Pubdate: Sat, 27 Oct 2007
Source: Deseret Morning News (Salt Lake City, UT)
Copyright: 2007 Deseret News Publishing Corp.
Author: Geoffrey Fattah, Deseret Morning News


The Utah Supreme Court has ruled a child must have "reasonable" access
to drugs in order for a parent to be charged under the
child-endangerment statute. Prosecutors say the ruling narrows their
ability to charge drug-dealing parents under the statute, but they
have already worked on a remedy to amend the law during the next
legislative session.

The ruling stems from two separate drug cases in which two women were
arrested on drug and drug paraphernalia possession charges while
children were in the homes. Both defendants were charged with child

In one case, parole officers visited a home to conduct an inspection.
During the inspection, officers noticed that four children were in the
home, a 2-year-old asleep on a sofa and three in an upstairs bedroom,
including an infant. Upon entering the adults' bedroom, they noticed
an open purse sitting on top of a dresser with a plastic bag
containing what appeared to be drugs. The parolee's girlfriend claimed
that the bag belonged to her, and she was arrested along with her
boyfriend. Further investigation turned up another bag with two rocks
of cocaine.

In a second case, Salt Lake County sheriff's deputies searched a
woman's home on a tip there was a meth lab. When deputies arrived, the
woman appeared to be moving out of the home. One deputy testified that
he "could smell the odor of a methamphetamine lab from the curb." In a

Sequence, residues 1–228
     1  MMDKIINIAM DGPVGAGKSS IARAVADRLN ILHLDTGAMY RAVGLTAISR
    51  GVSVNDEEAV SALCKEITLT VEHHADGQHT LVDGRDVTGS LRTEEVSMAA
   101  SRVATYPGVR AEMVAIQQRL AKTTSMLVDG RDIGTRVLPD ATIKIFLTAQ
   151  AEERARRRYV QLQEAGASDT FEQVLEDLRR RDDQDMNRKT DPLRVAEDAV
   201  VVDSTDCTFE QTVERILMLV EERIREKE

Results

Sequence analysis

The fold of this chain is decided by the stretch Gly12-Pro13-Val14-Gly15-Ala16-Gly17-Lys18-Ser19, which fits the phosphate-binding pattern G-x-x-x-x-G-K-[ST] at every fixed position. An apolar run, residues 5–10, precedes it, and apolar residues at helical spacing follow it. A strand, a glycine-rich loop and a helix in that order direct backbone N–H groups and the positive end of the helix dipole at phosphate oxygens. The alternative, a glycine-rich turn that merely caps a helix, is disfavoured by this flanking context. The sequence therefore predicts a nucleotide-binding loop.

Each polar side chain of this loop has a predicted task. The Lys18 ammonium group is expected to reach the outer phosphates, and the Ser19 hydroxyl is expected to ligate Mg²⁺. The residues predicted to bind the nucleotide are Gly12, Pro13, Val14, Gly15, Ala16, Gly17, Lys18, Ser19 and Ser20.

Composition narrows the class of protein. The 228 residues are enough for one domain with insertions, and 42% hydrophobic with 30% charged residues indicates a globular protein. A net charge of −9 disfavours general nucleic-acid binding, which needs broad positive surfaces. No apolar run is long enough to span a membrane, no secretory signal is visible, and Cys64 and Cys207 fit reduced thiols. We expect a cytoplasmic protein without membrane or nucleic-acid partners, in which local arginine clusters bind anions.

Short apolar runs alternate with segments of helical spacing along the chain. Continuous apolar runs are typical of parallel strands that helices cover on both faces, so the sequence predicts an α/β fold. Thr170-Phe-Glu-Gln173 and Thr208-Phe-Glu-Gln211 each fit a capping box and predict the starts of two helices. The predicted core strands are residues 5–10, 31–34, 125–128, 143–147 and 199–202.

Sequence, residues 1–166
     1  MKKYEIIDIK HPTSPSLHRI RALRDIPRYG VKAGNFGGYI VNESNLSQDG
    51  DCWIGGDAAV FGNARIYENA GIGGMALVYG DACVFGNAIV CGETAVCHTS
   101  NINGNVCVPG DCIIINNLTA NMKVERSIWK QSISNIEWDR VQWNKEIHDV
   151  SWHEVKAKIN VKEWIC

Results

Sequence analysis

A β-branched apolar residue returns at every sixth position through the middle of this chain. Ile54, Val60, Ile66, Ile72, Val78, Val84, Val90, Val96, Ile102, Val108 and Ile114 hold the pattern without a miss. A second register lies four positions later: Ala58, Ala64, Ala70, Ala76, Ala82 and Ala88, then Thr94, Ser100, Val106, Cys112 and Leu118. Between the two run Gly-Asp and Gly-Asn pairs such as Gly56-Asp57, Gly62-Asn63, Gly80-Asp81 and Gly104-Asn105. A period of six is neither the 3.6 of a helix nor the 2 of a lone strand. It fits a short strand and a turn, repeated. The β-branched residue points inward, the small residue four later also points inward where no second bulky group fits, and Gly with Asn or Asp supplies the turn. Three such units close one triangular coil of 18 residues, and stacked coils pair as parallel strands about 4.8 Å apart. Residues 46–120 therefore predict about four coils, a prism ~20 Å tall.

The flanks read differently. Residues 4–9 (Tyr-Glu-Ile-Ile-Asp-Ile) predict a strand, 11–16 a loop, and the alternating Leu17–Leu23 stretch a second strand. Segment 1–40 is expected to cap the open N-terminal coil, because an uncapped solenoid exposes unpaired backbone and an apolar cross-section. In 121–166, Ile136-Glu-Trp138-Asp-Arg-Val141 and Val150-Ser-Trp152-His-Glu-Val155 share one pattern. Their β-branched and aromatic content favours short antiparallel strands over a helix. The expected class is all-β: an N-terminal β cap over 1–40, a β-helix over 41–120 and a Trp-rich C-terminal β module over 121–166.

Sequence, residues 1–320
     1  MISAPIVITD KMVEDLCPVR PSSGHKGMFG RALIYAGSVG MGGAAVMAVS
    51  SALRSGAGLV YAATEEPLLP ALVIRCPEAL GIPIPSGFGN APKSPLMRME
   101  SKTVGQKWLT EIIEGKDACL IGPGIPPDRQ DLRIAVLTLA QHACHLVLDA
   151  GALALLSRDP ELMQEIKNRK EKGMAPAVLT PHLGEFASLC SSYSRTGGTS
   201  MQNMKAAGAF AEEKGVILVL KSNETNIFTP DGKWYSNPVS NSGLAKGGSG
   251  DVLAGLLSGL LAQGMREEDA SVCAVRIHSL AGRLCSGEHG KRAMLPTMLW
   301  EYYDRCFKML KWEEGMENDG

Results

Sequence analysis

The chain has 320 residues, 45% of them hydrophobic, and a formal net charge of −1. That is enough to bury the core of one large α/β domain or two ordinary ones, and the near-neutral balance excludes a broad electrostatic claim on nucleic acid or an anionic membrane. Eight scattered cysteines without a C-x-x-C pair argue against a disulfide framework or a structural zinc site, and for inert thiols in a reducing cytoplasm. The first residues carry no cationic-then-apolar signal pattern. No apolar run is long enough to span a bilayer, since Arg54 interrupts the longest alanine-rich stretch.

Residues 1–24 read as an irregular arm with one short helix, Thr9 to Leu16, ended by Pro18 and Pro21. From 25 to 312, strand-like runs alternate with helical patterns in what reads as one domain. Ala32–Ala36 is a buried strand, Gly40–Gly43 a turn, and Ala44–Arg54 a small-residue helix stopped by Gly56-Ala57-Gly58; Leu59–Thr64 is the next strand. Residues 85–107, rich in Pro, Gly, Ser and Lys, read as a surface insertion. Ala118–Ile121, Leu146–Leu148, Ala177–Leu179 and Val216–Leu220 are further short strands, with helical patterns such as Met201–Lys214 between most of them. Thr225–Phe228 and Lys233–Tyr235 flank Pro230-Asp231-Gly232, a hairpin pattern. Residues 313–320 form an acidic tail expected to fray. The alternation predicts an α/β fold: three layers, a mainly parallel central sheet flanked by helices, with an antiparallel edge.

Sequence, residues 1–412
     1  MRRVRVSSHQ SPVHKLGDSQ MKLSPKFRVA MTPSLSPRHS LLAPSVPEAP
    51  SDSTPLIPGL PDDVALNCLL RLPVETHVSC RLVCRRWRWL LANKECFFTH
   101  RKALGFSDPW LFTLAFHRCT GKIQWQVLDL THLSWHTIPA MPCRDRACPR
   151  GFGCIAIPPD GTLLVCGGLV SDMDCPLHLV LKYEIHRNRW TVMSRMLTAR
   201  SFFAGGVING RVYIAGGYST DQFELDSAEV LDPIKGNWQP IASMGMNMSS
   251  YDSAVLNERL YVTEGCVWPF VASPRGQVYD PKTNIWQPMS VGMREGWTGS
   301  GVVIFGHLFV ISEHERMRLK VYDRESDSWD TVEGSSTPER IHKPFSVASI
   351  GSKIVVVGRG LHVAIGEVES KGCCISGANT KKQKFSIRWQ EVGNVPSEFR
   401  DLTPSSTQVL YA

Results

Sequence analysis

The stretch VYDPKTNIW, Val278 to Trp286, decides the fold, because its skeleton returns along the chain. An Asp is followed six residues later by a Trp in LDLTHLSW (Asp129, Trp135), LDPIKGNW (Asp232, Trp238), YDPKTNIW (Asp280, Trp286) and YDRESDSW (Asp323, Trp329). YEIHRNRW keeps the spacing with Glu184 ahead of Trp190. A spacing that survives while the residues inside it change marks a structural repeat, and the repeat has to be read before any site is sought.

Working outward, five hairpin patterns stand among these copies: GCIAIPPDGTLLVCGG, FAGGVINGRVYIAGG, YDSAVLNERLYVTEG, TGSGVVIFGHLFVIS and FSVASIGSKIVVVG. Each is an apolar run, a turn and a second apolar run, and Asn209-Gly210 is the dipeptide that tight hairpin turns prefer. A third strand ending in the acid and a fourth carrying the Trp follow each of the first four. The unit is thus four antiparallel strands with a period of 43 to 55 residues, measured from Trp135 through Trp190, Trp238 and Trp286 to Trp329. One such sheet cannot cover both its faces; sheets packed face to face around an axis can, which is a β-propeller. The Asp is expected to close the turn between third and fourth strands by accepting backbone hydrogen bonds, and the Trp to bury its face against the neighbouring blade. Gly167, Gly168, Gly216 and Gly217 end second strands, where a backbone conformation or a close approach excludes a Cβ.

detached garage officers found items indicating a meth lab. In the
home's basement, officers found a glass pipe wrapped in tissue paper
on a closet shelf. In another downstairs bedroom, methamphetamine was
found. During the investigation, the woman's 13-year-old daughter was
in the living room.

In both cases, the women were charged with possession of either drugs
or drug paraphernalia and child endangerment. Both then argued in
court that the state failed to establish enough probable cause. The
court, however, bound them over on the charges.

In Friday's ruling, the justices said that a case needs more than just
the presence of drugs in a home in order for child endangerment to
apply. The law "requires a real, physical risk of harm to a child; the
child must have the reasonable capacity to access the substance or
paraphernalia or to be subject to its harmful effects, such as by
inhalation," the justices wrote in a unanimous opinion.

However, in a footnote, the justices said that a child sleeping in a
residence where a meth lab was operating "would be exposed under the
terms of the statute because the child will experience harmful effects
from the substance," similar to exposure to a "contagious disease."

Assistant Utah Attorney General Laura Dupaix said the ruling limits
the ability of prosecutors to use the law against drug-dealing parents.

"I think the opinion does narrow the statute from what we believed the
statute to cover; however, I believe the opinion still allows the
state to prosecute parents who have their illegal substances, or meth
labs, in a place where children can still access it," Dupaix said.

The Supreme Court has remanded both cases back to the district court
to determine under the recent ruling if the women should be bound over
for trial on the charges.

Dupaix said draft legislation is expected to be introduced during the
next session of the Utah Legislature to amend the law, making the
ruling moot.
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